In less than a week since he left university Ben has already independently set himself a stack of challenges and completed them. And, increasingly, I am saying: "You have to do this yourself; I can't do it for you" or "Sorry I can't do that; I am busy". Occasionally I will throw the odd suggestion into the pot... potential activities he isn't aware of, for example local debating or history groups - and then leave it to him to do the groundwork.
Saturday, 22 September 2012
Until we met with the two ladies from Student Services on Tuesday we'd never even thought about commuting as a potentially successful way to ease Ben into university life: commuting for the first term, or even the first year, while he finds his feet and establishes a friendship circle.
Friday, 21 September 2012
It's almost the time of year when this year's (British) Upper Sixth Formers head to open days at universities across the country, just like we did last year. So, knowing what I know now and taking into account that Ben was 'almost' (but not fully) recovered from anorexia at the time, what would I do differently?
So what went wrong? So much, on so many counts. Which is why our brief flirtation with university life this week may be a useful learning curve for other parents wondering whether or not to send their post anorexia / eating disorder teenager off to university or wait another year, or even longer...
Thursday, 20 September 2012
A dismal Ben greeted me this morning in the kitchen, saying he felt like a failure and "useless". So in came Mama Matty to instantly (hopefully) put him right on that count, reinforcing the fact that he's been so courageous to admit there was a problem right at the start, rather than letting things spiral downwards... There must be loads of new students who aren't being so courageous and really should make the decision to jump ship while it's still early days and resume when they're in a better place. Like the obviously ED girls we saw walking around the university yesterday... (whose parents must be worried senseless)...
Wednesday, 19 September 2012
Things got progressively worse and by Monday evening Ben was sobbing down the phone to me, in pieces. I'd spent the day organising various counselling and mentoring people to see him, but by the evening he was in a terrible state. So the next morning saw me meeting him over coffee in a cafe near the university...
Monday, 17 September 2012
Within hours of dropping him off at uni I got the first message saying he didn't fit in with the other guys in his apartment and felt lonely... Then this lunchtime I got another message from him. I can always tell when something's up because his first message is always something like "Hi", and that's all.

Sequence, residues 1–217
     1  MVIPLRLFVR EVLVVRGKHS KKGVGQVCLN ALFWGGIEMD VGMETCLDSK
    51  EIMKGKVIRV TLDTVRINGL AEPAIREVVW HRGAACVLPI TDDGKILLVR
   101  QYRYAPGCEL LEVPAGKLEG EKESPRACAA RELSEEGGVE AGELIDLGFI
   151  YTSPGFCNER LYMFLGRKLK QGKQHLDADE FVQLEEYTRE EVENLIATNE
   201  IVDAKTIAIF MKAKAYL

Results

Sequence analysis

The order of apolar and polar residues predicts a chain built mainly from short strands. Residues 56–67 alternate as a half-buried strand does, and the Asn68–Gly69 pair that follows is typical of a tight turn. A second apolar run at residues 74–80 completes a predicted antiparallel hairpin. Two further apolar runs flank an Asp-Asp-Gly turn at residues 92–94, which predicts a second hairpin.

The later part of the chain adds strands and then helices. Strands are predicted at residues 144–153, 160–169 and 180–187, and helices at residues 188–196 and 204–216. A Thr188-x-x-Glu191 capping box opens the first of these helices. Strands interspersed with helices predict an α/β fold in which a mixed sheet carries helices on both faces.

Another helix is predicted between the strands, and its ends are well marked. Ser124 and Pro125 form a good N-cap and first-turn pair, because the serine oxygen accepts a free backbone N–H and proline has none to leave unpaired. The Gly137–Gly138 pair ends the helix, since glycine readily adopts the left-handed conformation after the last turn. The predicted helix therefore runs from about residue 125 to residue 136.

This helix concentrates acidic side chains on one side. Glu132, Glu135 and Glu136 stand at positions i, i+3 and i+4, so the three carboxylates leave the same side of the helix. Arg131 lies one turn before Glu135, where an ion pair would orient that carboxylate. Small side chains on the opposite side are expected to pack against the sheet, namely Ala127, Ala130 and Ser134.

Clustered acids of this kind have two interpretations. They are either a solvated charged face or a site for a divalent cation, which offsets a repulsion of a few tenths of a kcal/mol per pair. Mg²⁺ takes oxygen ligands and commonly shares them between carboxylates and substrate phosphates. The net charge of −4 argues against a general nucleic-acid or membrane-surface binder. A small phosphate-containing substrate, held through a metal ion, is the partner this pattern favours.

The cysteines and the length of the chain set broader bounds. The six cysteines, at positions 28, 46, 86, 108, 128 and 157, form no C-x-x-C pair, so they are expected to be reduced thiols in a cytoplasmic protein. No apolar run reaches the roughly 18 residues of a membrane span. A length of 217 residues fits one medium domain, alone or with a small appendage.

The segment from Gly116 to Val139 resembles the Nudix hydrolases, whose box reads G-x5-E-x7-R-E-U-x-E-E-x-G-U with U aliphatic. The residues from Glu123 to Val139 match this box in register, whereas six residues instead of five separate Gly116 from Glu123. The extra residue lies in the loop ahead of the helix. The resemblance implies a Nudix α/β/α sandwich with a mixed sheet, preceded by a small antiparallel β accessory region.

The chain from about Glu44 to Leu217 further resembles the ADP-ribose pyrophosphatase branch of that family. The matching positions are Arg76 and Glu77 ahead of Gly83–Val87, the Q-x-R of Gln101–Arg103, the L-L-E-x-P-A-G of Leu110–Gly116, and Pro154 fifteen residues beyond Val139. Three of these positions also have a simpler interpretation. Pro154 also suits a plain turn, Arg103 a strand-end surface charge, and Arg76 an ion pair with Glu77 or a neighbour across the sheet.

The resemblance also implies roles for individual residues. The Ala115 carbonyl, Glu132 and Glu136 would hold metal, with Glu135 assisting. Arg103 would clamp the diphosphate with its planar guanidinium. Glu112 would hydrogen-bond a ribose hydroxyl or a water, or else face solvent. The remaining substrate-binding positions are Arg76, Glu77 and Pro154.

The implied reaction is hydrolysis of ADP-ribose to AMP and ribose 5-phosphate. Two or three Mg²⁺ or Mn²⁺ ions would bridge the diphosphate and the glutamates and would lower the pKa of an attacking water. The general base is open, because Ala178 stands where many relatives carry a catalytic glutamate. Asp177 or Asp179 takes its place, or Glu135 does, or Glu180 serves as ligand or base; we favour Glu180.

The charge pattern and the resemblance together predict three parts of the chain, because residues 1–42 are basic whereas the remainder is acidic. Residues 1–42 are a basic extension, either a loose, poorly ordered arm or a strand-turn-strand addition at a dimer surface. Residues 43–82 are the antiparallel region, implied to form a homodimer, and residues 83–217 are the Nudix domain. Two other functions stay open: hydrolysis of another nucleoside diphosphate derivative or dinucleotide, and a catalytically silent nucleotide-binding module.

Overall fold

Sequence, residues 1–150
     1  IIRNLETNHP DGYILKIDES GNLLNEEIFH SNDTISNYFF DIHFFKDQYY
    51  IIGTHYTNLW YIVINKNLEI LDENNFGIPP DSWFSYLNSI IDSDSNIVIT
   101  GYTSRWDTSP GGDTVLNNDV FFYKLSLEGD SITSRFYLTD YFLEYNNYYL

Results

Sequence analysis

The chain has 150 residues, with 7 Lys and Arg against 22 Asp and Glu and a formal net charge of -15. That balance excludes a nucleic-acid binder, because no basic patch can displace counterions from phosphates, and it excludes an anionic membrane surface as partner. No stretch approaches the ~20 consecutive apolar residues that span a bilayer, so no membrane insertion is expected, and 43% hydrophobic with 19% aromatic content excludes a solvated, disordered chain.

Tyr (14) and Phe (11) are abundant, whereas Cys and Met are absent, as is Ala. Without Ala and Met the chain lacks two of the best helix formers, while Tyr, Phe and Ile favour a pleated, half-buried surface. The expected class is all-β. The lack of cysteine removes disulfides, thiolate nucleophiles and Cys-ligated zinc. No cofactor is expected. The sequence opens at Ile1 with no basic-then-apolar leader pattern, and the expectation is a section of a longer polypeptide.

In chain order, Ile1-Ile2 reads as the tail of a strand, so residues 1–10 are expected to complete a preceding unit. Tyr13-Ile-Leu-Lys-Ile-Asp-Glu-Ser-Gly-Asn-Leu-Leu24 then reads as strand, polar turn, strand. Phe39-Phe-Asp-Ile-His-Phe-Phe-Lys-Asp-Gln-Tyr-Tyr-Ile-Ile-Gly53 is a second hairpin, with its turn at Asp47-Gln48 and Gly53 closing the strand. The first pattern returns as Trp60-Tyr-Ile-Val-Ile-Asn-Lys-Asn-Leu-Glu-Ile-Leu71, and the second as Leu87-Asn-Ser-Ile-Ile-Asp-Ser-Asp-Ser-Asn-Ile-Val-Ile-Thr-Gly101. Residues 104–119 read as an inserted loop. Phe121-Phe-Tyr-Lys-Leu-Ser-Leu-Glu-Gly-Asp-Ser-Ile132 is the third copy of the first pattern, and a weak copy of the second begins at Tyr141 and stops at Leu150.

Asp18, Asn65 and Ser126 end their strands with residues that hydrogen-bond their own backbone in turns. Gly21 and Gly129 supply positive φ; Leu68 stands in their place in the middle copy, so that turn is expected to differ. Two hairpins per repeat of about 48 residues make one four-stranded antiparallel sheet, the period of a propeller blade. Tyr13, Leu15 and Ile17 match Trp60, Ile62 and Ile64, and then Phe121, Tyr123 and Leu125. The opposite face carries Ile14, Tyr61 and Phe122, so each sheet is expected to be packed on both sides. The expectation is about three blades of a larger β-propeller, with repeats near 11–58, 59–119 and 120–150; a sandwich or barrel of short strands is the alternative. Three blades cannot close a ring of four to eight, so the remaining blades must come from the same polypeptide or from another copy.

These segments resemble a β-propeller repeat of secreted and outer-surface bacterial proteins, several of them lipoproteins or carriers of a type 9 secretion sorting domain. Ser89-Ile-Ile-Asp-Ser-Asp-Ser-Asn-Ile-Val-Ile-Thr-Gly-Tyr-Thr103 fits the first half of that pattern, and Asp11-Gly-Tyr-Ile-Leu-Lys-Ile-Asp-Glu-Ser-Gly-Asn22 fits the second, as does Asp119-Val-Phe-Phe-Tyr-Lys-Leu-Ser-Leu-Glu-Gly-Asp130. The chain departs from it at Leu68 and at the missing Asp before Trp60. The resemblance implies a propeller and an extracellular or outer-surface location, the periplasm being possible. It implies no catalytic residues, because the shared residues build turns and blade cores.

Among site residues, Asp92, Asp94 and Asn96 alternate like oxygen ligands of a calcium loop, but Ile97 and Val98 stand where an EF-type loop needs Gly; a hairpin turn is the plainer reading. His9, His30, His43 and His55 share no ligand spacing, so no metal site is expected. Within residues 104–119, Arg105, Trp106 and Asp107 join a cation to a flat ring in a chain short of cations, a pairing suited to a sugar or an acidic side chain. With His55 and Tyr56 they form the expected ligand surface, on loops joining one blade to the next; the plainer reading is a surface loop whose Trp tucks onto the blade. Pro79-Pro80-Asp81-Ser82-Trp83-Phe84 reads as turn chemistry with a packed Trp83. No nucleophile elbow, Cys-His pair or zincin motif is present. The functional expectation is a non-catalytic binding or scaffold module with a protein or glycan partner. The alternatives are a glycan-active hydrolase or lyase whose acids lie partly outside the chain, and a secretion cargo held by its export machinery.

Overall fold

Saturday, 15 September 2012
Yesterday evening after tea, Ben suddenly appeared in the living room armed with brightly wrapped gifts and cards. "These are to thank you for everything you've done for me over the past 18 years and especially over the past three years," he said as we stood with open mouths.
Wednesday, 12 September 2012
Things are going so normally here in the Matty household, it's difficult to get used to. A normal mum nagging a normal teenage son about normal things: "Promise me you won't walk home on your own late at night", "Don't forget to put your wallet in a safe place so it doesn't get stolen", "Remember to buy toilet roll and milk", "Don't put the whites in with the darks in the launderette", "Don't drink too much"... blah, blah, blah...
Wednesday, 5 September 2012
Tuesday, 4 September 2012
Literally! I've been picking Ben's brains to discover what was going on in his head when he had anorexia. Here is Part One of the result (based on the notes I made while he was talking and which will eventually be used for parts of my book)...
Monday, 3 September 2012
It's not too many weeks ago that I was still anxious about how Ben would cope with being away at university - eating, thinking and socially. But I'm astonished at how rapidly he has moved from the last little bit of the woods out into the brilliant sunshine. He is so normal. In every way. And I have every confidence that, if he continues like this, university will be the making - not breaking - of him.
Saturday, 1 September 2012
Okay, so although I had food issues as a teenager and 20-something, and okay I dabbled in a bit of bulimic behaviour on occasions, but - thankfully - I never developed a full-blown ED. Yes, I did have awful issues with men which I've described in recent posts, and yes writing about these made me feel vulnerable - like airing my dirty washing in public and opening a Pandora's box of stuff I've been trying to blank out all these years. But these "confessions" have also done something else... something really strange...